Her words are especially true in cities like İstanbul and Ankara. Students are taught to view the remaining hills as economic opportunities, and not valuable (and rare) greenspace. School curriculum is not designed to explore questions of pollution, or attempt to view the environment from outside an anthropocentric viewpoint. There also appears to be a shift occurring in root metaphors regarding the value of food in the youngest generations, especially in the affluent, Western-oriented schools. My own school contained a cafeteria in every building, and the food offered was a collection of processed, pre-packaged cookies, chips, as well as hamburgers and grilled cheese. During my weekly hall-monitoring duties I saw countless students eat half of a hamburger as quickly as possible before discarding the rest in a trash bin and running to class. I also often observed those same trash cans being picked through by the working-class janitors and general-laborers, often when no administrators were looking. They would remove the buns from the garbage, collect them in a napkin so as to set the bread outside where it can be eaten by birds, or naturally decompose. Bread is sacred to Turks, and it is simply not thrown away to be added to a landfill. I struck up a conversation with one of those workers one day, he was a man of near 60 and from a village near the eastern city of Erzerum. The consumption-oriented behavior of the students greatly worried him and his colleagues. He felt these students were losing their culture, and were accountable to no one. This is especially disturbing to people like this gentleman for whom the most important unit in the culture is not the individual, but the family. There is a serious disconnect happening, as 10 Norberg-Hodge, 36.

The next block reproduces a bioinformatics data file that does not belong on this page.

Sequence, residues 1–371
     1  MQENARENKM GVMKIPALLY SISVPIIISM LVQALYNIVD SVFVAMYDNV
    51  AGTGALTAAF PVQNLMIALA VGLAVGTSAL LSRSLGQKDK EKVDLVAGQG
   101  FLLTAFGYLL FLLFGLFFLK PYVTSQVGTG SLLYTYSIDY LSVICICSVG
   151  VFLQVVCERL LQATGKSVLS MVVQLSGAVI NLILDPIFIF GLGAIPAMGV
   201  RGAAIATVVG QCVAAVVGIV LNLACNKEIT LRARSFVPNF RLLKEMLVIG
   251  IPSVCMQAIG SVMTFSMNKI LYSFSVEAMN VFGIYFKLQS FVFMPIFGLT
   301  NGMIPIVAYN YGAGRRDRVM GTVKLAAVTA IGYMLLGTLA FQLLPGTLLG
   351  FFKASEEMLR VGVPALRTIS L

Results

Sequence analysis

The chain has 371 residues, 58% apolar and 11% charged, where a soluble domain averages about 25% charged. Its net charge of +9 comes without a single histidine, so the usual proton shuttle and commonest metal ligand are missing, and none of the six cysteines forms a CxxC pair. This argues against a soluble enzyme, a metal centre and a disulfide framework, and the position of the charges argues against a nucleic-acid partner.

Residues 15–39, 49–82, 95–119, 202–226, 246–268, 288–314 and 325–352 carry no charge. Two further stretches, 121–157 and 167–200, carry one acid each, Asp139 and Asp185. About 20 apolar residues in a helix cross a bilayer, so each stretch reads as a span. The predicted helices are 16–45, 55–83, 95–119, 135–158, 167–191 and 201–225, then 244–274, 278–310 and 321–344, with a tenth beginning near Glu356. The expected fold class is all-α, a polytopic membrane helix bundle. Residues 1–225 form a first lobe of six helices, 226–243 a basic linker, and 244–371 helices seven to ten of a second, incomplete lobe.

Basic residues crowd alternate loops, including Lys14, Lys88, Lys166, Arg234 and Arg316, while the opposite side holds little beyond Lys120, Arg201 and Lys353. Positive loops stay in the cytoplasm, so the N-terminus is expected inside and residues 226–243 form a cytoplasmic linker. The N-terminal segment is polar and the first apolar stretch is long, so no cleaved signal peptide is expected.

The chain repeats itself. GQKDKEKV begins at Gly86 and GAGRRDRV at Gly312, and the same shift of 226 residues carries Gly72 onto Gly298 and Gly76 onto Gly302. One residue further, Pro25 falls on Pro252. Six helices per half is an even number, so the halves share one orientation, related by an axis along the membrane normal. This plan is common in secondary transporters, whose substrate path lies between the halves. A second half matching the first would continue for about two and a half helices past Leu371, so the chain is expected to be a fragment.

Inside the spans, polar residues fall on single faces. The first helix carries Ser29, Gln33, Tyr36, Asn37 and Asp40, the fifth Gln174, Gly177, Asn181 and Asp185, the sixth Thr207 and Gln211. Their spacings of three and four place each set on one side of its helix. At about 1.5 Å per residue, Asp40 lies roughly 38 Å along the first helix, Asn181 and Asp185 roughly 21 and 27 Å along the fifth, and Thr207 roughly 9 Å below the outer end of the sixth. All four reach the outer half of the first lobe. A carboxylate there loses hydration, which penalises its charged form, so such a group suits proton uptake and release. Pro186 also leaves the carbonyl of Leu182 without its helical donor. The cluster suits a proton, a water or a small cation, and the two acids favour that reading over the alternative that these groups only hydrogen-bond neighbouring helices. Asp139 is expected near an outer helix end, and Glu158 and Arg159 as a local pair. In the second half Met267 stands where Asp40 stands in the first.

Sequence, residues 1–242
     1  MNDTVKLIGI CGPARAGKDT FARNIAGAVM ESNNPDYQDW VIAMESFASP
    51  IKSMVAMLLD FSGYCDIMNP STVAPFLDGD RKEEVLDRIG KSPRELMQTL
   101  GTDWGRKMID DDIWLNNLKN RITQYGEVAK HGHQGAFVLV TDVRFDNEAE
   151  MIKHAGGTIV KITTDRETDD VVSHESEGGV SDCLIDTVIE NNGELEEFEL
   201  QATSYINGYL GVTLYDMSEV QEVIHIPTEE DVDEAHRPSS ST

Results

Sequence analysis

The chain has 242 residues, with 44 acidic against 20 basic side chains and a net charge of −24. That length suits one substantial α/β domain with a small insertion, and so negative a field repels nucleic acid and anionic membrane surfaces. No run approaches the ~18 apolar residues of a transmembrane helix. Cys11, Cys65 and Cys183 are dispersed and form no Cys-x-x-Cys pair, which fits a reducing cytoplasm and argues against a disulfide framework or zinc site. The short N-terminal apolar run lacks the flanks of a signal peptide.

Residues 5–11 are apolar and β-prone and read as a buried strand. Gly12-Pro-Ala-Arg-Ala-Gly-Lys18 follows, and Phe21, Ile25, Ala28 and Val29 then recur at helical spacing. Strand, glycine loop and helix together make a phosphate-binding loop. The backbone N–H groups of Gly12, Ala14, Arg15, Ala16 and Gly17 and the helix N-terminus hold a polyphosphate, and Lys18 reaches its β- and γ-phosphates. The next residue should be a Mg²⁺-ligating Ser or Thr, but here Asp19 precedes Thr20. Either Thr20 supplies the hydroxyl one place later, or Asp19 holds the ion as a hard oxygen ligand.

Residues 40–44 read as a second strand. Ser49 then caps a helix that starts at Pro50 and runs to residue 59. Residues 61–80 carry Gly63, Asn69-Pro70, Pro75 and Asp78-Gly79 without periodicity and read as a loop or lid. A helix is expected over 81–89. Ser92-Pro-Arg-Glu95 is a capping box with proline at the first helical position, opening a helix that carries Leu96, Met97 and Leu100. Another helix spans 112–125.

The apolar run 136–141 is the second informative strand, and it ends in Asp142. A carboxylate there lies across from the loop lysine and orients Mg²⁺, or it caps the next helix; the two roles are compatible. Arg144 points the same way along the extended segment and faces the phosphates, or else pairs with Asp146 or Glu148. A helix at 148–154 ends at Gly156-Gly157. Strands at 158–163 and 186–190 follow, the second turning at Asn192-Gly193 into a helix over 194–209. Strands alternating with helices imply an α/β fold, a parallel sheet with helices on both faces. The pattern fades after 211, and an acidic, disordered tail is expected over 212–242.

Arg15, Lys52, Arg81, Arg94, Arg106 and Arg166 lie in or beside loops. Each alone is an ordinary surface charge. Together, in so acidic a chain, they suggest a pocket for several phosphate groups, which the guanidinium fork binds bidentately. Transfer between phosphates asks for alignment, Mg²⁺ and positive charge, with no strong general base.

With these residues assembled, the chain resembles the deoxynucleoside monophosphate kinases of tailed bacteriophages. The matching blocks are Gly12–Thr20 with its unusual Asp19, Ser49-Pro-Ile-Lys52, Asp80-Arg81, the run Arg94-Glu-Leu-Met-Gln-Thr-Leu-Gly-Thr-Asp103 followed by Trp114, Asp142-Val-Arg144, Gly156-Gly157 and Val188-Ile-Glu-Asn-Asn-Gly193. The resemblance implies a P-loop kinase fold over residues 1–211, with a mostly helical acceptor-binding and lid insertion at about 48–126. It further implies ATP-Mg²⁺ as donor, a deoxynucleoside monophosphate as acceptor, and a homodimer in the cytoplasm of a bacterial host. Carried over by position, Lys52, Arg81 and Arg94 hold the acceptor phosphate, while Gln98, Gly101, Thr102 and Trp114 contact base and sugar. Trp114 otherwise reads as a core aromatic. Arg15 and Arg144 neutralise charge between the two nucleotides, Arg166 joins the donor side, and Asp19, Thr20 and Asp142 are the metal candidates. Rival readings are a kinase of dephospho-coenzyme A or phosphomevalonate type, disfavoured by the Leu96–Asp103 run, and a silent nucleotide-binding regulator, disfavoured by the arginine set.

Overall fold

Norberg-Hodge explains. But I also feel that all is not lost, and that there is potential for resistance. When asked about their families, nearly every one of my students do not state they are from İstanbul, although they were born and lived their entire lives in the city. The students recount the regions of Anatolia (or elsewhere) that the generations before them originated. Sometimes their parents came to İstanbul, but most not much farther than grandparents. Students who have spent their whole lives in suburban İstanbul refer to themselves of being “Karadenizli” (from the Black Sea), or from Malatya, İzmir, the Caucuses or even Turks from former Yugoslavia and Bulgaria who immigrated to Turkey. It is also remarkable how each geographic region still retains specific cuisine and customs based on traditional plants grown in the region. Kids whose parents are from Trabzon love talking about hamsi (anchovies), and even something as seemingly normal a kebab has regional varieties that are quite distinct. If one wishes to start a fight in the Mediterranean city of Adana, simply describe nearby Urfa’s kebap as being superior to the local variety. Although food is only one example, this stillexisting connection can be used as a starting point to connecting learners more to the land where these foods, and the cultures who developed them, originated. Moving the students beyond a superficial sense of place will indeed be a paradigm shift. Almost every year in my school the students would have to describe their city for a class lesson, and every year every project looked the same. There were pictures of many tourist-laden buildings, most of which these affluent students had never been to. There was no context of why these buildings were important, the learners had been conditioned that this was what the teachers wanted. On extremely rare and exciting occasions, some students would include the Bosporus, or one of the remaining local forests in their project; but this was the exception to the rule.